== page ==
We love spiders at the Tacoma Nature Center, and once you know more about them, we think that you will love them, too.
We talk about “spiders” as if they are one thing, but spiders are not all alike. Some are big, some are small, some spin webs to catch prey, some don’t. Some are adapted to live outdoors, others are adapted to live in buildings, caves or other protected areas. In their more than 300 million years on Earth, spiders have adapted to all kinds of habitats and conditions and thrive on every continent but Antarctica.
Let’s start with the first thing most of us think of when we think of spiders — webs. Spiders are predators, meaning they eat other animals. A typical spider in this area can eat an estimated 2,000 insects a year. Spider webs are how some species of spiders catch their food.
Webs are made of spider silks, substances that have never been re-created by science. There are seven kinds of silk that spiders can make, depending on their species and gender. Spider silk is a protein that is at least as strong as steel, so spider webs can withstand wind, rain and being hit by spider prey. Each strand of the spider web is typically made of several strands of silk layered together for strength.
To capture insects, the web needs to be more than strong — it needs to be sticky so the prey can’t get away. We’ve all seen a fly or other insect wrapped up by a spider in the middle of a web. Insects and other prey fly or fall into the middle of a sticky web that holds them until the spider can reach them, immobilize them and wrap them up. The spider doesn’t stick to the web because it knows where the sticky threads are.
2,000 The estimated number of insects a typical spider in the South Sound can eat in a year.
The downside of having a sticky web exposed to dust, wind and other elements is that it gets ruined in a hurry, so sticky strands of spider webs typically last only one day. Spiders have to do continual repair to their webs. Some spiders have to make a brand new web each day They will eat their web so they don’t waste that protein, rest up a little and then get started on the day’s new web. Spiders were very early adaptors of the concept of recycling materials.
As much as we humans think of spiders as having webs, not all spider species spin webs to catch prey. Some species are passive hunters, building silk-lined funnels and waiting for prey to wander in. Others are active predators that hunt their prey just like a lion. There are also ambush hunters that take cover and pounce on prey that comes close. There is truly a spider for every niche.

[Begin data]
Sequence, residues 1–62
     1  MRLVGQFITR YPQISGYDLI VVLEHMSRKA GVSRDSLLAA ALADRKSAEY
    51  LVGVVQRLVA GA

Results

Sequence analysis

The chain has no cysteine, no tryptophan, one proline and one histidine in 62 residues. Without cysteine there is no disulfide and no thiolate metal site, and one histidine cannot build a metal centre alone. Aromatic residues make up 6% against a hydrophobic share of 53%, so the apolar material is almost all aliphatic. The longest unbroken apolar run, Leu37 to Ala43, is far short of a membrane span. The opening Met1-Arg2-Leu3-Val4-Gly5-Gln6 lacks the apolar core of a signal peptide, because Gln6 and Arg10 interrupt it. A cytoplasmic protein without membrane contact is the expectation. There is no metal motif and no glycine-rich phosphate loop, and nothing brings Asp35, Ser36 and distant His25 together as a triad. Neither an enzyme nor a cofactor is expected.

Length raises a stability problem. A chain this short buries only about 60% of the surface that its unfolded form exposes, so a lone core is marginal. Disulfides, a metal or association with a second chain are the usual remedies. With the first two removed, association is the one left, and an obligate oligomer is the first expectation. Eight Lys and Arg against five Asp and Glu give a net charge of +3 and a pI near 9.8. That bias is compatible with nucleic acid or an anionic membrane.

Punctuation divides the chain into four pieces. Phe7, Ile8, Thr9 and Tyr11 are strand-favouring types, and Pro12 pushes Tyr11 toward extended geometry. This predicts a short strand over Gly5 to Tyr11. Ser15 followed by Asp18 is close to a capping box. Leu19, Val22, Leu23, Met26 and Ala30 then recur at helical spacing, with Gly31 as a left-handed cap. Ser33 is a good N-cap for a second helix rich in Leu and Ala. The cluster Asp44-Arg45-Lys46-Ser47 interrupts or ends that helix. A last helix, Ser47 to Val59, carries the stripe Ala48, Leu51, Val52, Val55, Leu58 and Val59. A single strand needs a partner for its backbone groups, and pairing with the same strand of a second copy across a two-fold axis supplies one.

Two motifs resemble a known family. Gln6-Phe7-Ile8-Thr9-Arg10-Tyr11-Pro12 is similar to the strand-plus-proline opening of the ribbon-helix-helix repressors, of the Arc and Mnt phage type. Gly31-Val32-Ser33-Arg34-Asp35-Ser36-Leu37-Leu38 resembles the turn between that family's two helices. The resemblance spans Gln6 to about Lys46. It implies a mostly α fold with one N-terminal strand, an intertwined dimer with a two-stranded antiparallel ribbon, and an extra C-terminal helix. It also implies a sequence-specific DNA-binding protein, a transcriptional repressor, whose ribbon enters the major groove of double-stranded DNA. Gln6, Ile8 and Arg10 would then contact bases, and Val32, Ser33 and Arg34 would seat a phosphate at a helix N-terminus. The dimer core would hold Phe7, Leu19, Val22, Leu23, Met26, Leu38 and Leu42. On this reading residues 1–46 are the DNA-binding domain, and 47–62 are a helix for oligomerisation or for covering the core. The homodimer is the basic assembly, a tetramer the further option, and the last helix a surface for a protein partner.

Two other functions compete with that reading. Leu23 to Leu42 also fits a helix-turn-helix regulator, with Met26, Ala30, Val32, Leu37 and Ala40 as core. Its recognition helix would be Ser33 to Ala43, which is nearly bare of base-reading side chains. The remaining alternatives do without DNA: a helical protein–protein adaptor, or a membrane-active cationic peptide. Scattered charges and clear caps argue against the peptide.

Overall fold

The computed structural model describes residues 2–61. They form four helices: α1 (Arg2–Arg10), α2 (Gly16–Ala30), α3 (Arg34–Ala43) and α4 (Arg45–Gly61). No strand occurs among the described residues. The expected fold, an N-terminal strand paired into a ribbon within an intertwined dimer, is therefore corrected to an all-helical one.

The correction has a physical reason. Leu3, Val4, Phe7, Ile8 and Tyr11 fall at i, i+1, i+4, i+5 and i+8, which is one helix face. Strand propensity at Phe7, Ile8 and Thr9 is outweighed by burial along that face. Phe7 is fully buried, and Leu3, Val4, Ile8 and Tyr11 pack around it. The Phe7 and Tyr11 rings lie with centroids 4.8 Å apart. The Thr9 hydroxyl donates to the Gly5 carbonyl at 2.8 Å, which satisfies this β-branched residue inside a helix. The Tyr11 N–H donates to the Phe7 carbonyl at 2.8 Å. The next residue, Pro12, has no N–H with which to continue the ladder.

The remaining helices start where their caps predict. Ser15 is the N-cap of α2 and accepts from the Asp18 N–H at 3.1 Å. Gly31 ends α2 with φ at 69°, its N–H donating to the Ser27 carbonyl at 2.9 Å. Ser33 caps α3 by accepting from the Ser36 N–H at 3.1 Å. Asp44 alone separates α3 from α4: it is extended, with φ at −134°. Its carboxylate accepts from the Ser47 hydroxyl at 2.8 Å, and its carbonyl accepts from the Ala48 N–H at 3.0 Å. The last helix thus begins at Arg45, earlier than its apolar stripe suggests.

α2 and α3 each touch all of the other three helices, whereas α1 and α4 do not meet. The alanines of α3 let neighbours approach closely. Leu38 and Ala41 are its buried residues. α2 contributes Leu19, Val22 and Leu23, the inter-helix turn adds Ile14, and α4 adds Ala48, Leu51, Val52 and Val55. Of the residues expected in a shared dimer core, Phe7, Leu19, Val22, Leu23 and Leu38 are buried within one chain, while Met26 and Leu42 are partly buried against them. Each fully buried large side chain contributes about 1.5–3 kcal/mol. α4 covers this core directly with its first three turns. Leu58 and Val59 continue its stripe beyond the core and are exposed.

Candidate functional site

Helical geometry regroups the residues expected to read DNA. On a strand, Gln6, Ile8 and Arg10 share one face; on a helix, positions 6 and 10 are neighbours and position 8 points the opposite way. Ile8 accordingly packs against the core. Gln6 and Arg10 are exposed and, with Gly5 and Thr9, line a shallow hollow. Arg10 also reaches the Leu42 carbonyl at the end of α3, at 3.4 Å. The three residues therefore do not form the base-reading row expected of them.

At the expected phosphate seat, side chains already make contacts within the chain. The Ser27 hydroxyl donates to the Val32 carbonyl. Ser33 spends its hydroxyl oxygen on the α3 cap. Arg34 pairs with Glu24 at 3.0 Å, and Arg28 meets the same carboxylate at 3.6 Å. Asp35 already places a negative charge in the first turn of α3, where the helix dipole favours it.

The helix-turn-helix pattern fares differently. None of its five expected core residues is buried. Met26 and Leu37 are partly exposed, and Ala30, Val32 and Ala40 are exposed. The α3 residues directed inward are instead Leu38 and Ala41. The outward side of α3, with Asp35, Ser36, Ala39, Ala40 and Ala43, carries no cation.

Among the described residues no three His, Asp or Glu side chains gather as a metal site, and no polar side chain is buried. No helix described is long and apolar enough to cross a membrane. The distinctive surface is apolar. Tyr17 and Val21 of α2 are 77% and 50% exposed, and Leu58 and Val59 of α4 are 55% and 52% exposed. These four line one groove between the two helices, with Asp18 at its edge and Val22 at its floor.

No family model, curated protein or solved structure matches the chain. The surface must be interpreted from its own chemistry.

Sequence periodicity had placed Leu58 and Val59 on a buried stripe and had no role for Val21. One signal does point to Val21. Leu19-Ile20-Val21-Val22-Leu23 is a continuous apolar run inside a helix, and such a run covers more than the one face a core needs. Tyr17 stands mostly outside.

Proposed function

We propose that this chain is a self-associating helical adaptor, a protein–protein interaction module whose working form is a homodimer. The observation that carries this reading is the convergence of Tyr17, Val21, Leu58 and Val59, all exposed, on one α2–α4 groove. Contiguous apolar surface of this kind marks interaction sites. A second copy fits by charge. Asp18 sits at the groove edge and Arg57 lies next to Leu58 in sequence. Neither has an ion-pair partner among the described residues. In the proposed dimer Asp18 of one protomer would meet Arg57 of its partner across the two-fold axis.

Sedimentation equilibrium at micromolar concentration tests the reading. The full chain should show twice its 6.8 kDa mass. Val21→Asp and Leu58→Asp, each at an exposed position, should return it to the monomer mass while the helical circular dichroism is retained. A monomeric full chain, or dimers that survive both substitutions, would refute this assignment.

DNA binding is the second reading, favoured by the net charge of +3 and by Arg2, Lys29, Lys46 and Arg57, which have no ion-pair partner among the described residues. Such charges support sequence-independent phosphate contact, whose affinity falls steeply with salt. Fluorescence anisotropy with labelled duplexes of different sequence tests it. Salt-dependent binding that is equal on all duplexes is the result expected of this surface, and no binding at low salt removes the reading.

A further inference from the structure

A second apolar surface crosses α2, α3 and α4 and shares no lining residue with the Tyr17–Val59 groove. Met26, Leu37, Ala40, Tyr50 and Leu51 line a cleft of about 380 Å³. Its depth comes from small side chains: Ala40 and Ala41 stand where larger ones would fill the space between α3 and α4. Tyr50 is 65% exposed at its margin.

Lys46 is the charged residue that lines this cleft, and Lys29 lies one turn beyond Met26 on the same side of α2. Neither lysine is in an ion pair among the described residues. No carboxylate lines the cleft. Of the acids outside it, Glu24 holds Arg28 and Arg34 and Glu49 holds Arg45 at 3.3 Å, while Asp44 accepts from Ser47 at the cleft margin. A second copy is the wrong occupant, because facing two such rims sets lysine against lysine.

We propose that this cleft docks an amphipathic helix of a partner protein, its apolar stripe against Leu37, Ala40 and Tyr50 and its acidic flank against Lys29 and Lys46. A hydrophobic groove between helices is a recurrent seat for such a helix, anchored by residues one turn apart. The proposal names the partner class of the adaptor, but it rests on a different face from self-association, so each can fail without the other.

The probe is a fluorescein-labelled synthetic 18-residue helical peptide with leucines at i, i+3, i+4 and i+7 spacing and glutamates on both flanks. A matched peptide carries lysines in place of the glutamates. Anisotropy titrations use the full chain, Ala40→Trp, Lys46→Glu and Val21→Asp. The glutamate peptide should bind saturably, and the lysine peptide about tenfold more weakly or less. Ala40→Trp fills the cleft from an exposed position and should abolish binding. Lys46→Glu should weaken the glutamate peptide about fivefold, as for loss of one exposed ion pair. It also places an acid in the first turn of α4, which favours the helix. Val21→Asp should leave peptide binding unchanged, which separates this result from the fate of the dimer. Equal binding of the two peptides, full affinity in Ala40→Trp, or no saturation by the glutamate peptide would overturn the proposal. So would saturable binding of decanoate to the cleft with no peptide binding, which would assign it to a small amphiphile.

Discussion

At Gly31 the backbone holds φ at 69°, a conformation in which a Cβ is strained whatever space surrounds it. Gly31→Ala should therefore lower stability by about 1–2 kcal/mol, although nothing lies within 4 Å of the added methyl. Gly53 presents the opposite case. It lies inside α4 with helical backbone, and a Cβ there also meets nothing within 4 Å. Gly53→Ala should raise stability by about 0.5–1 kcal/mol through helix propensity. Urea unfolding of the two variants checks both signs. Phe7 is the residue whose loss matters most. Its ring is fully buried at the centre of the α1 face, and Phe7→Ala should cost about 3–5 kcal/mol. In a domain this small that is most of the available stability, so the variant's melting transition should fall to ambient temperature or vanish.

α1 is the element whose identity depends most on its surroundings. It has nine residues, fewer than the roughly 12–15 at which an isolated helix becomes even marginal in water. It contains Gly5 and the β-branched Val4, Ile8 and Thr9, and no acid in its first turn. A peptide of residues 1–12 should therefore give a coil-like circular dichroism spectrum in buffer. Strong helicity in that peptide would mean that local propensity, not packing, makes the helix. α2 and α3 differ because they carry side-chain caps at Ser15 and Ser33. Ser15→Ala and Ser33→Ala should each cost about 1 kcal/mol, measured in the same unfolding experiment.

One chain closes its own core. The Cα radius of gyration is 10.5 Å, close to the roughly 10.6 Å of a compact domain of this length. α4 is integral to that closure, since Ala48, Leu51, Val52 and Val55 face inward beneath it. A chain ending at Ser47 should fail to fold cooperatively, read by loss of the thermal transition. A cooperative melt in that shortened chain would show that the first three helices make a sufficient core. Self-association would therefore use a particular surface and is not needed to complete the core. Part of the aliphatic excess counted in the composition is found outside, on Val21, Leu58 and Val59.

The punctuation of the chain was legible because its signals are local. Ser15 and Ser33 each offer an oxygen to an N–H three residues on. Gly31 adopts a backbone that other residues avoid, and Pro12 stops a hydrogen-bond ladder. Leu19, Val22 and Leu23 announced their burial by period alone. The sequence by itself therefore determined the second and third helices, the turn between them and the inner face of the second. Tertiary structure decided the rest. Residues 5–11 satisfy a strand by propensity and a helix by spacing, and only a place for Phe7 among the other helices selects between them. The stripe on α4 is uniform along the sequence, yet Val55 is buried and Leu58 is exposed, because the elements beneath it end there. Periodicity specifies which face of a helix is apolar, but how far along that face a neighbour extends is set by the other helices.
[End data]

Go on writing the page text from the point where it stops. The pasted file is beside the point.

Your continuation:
There are around 3,000 species of spiders in North America. We don’t have that many locally, but we do have a wide variety of spiders here — indoors and outdoors. Did you know the spiders you see outside are usually totally different species than the spiders you find indoors and under buildings. The spiders that associate with buildings are generally not adapted to be outside. They live their entire lives indoors, largely unseen by humans.
Spiders are especially obvious to humans this time of year. That is not because there are suddenly more of them. This is the mating season for most species — they need to mate and lay eggs before the winter comes. Many spiders we see in the fall are males on the move looking for females. Males have to wander in search of more secretive and sedentary females to mate with in lots of spider species.
Fun with spiders
There are lots of ways for your family to explore different worlds of spiders as you make your way through your day.
Get down on the ground and follow a jumping spider for awhile, watch how it moves and how far it jumps. Or sit quietly and observe as a garden spider constructs a web. You will notice a pattern as these engineers weave their silk strands back and forth, layering them for strength. Think about how fast the webs come together. And remember this — nobody taught this spider how to build that web. They are born knowing how to build a web.
Pay attention to how many different kinds of spiders you see in a day. When you look closely, you will start to notice that the spiders you pass by every day are very different from each other. Look closely at a spider web, then see if you can draw it. What do you notice about the size, shape and pattern of the webs that different species of spiders create? Here is an online guide to help you identify spiders: spiders.us/species/filter/washington.
Here is a craft project where kids can to construct a spider web using a cardboard box, some yarn and their imagination: tinyurl.com/zvlgtx8.